What’s the point?
What it means to be an educator in 2020
At a time when Covid-19 is provoking a radical re-appraisal of almost all our assumptions, Daniel Shindler asks some important questions about teaching, and the point of being an educator.
A lawyer at a dinner party famously asked the teacher and poet, Taylor Mali,
‘What’s a kid going to learn from someone who decided his best option in life was to become a teacher?’
I won’t spoil the fun, watch Taylor’s ‘kick–ass’ reply on YouTube or read his poem What teachers make that ends with,
Here, let me break it down for you, so you know what I say is true:
Teachers make a goddamn difference! Now what about you?
But perhaps the lawyer did ask the right question for the times we live in. What does it mean to be an educator in 2020? It’s a question all those stressed out parents who have struggled to home school their children have started to consider. So in the same feisty spirit, I offer some thoughts to the parents, teachers who are searching for the arguments, to haul their children, their colleagues, back, when they walk out of the room shouting, ‘What’s the point of it all?’
Because we are alive
Lockdown or not, you’ve got a choice: pull the duvet over your head, go play on your phone. The point is, because life is there: either one tests oneself by taking on its challenges, or as the American activist, Saul Alinsky once wrote, ‘huddle in the valleys of a dreamless day-to-day existence’. As my own coach said to me when I could see no point to any of it, ‘Daniel, the point is to find the point.’
Understanding what it takes
When confronting yourself in the face of a complex challenge, do you fight, or take flight? The pandemic may be provoking either one of these reactions. Allow Martin Luther King’s call to arms to awaken the giant within you:
‘We are confronted with the fierce urgency of now. In this unfolding conundrum of life and history, there “is” such a thing as being too late. This is no time for apathy or complacency. This is a time for vigorous and positive action.’
Taking up the challenge is what’s going to make people take you seriously. It’s time to do the work.
To name the world
To paraphrase Freire, human beings are not built in silence. To exist, as fully participating human beings, is to name the world, and to look at all those different worlds you exist in. The possibilities are infinite. What worlds will your curriculum explore when you return to the classroom? Will it be possible to divide the private from the public self? Or, should we now live in the intersection where the two meet? It’s here where I have lived in teaching.
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You’ll need to throw away your ‘cool cards’, drop the shields that protect, if you’re to show up. For the writer, Brene Brene, ‘Vulnerability sounds like truth and feels like courage. Truth and courage aren’t always comfortable, but they’re never weakness.’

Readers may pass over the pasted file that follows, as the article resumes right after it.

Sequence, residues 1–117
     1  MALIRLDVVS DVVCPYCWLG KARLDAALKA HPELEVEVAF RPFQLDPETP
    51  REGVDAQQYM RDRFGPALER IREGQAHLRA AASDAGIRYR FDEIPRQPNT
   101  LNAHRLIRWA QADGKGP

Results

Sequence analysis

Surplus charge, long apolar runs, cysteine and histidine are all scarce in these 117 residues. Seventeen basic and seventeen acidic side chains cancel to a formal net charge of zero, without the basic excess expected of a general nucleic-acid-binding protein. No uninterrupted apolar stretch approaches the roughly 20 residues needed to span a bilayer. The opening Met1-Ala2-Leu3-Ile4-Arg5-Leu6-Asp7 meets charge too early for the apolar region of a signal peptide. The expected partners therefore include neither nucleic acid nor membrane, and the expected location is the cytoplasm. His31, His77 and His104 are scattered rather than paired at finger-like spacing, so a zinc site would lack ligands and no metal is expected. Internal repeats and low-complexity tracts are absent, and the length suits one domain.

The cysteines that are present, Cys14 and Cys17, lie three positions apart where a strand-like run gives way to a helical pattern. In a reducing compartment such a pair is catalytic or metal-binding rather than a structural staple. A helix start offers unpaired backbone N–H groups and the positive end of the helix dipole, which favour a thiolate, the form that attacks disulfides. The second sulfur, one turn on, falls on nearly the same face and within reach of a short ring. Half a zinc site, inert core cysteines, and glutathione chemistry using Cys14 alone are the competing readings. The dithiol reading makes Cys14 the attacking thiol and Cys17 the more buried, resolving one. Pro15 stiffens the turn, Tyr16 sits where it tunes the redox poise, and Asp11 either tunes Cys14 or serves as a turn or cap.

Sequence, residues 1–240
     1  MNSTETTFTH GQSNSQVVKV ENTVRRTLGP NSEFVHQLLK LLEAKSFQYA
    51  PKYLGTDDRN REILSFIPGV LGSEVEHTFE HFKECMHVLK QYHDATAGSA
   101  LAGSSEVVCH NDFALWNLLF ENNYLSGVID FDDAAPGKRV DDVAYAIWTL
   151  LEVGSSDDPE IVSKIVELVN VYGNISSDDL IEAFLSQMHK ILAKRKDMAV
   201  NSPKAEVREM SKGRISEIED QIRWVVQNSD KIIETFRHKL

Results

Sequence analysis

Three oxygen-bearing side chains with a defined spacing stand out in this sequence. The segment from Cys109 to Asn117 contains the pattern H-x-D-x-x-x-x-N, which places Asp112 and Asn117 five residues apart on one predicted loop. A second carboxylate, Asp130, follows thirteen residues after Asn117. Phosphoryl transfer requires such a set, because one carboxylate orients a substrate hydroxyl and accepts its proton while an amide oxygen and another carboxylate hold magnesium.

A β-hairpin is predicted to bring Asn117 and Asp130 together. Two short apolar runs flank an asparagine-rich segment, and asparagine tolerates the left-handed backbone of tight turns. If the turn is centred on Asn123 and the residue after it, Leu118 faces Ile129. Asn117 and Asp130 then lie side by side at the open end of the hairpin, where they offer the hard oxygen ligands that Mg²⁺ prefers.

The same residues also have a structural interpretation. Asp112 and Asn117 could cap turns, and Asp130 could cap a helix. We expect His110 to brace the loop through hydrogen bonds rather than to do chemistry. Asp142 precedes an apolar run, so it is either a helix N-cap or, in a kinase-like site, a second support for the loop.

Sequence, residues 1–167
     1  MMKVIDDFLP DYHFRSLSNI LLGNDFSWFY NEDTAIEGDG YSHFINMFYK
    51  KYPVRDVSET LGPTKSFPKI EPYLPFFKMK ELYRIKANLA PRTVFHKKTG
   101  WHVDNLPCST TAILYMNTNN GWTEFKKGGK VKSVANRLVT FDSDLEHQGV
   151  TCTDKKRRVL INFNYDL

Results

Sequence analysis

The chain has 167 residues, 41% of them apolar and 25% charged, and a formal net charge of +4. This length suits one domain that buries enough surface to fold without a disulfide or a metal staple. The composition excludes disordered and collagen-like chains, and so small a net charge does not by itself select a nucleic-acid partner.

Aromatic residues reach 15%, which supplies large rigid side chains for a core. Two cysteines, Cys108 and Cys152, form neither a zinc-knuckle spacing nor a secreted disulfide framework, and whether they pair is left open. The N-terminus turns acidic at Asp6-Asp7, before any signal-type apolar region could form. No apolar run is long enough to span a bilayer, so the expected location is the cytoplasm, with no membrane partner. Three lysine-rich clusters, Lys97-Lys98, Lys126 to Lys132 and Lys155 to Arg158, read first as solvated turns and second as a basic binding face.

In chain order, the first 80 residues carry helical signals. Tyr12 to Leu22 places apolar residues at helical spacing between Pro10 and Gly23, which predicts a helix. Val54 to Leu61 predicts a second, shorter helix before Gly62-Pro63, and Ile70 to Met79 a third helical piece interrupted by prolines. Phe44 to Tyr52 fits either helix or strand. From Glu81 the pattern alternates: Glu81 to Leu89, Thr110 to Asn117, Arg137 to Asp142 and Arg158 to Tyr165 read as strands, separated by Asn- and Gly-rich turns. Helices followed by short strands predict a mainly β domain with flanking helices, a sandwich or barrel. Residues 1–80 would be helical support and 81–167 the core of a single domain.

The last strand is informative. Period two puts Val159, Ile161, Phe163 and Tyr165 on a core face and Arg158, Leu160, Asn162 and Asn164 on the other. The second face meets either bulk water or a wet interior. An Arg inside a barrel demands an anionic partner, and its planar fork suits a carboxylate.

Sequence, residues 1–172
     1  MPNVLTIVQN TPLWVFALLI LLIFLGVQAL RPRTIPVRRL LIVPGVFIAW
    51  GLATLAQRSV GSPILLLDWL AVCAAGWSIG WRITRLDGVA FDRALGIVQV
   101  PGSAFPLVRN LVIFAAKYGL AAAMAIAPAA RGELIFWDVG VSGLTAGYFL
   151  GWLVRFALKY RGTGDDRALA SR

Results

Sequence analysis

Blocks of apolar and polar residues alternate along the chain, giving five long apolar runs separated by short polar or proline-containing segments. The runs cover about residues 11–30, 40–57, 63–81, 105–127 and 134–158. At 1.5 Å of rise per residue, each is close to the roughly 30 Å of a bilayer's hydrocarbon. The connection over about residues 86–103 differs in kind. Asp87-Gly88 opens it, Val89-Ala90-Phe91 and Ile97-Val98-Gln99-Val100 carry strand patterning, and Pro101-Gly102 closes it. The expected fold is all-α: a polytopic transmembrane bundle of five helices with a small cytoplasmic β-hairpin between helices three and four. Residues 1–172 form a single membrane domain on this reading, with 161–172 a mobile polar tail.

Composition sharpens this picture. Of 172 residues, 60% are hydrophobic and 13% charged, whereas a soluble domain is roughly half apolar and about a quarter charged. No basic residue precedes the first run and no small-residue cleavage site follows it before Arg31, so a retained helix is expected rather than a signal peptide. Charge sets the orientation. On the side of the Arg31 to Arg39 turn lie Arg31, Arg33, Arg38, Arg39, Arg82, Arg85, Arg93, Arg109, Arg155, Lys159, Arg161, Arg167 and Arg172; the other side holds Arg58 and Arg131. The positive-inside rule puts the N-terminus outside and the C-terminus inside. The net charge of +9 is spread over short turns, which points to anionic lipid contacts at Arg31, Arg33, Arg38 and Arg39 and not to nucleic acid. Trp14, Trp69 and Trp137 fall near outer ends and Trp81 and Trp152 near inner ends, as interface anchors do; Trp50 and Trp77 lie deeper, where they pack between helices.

The physician, Gabor Mate warns us, ‘Boredom is rooted in a fundamental discomfort with ourselves, it is one of the least tolerable mental states’. As many of us have discovered, sitting around doing not a lot, isn’t good for our health. Quite simply, people who are optimistic and resilient do better in their exams, they are 20% more likely to live longer and I’m sure have found a way to live in the pandemic.
The marvel of being one
But perhaps there’s a bigger, moral reason for our work as teachers. Peter Brook captures it exactly when defining the purpose of theatre, ‘At certain moments in life, this fragmented world comes together and for a certain time it can rediscover the marvel of being one.’ We need this in our school communities, right now.
The writer, Mark Manson asks, ‘What is the pain that you want to sustain?’
Unlikely though it seems, this is the question that can change your life. Your answer will actually get you somewhere. Who you are is defined by the values you are willing to struggle for. This is the most simple and basic component of life: our struggles determine our successes.
Without struggle there can be no progress. It’s the difference between a classroom that’s alive and classroom that’s dead.
Walking towards certainty
Finally, perhaps our ‘What’s the Point’ conversation really arises from our fear of uncertainty. It’s worth wrestling with Freire who asks us to nurture, ‘A spirit in which we are certain by not being certain of our certainties. To the extent that we are not quite sure about our certainties, we begin to “walk toward” certainties.’
During the lockdown, all our certainties have been challenged once again. We have to begin, once more, the ‘walk toward’ if we are to make sense of what we now know. The point is to find the point.
Former Drama teacher Daniel Shindler is a freelance trainer and author of In Search: Reimagining What it Means to be a Teacher. Click on the book cover to follow the link
The lead architect of School21‘s ground-breaking oracy curriculum, Daniel is now reimagining himself as an ethical chef for The Real Junk Food Project in Brighton, UK.
Twitter @DanielShindler Instagram: wastechefdan
Feature Image: by My pictures are CC0. When doing composings: from Pixabay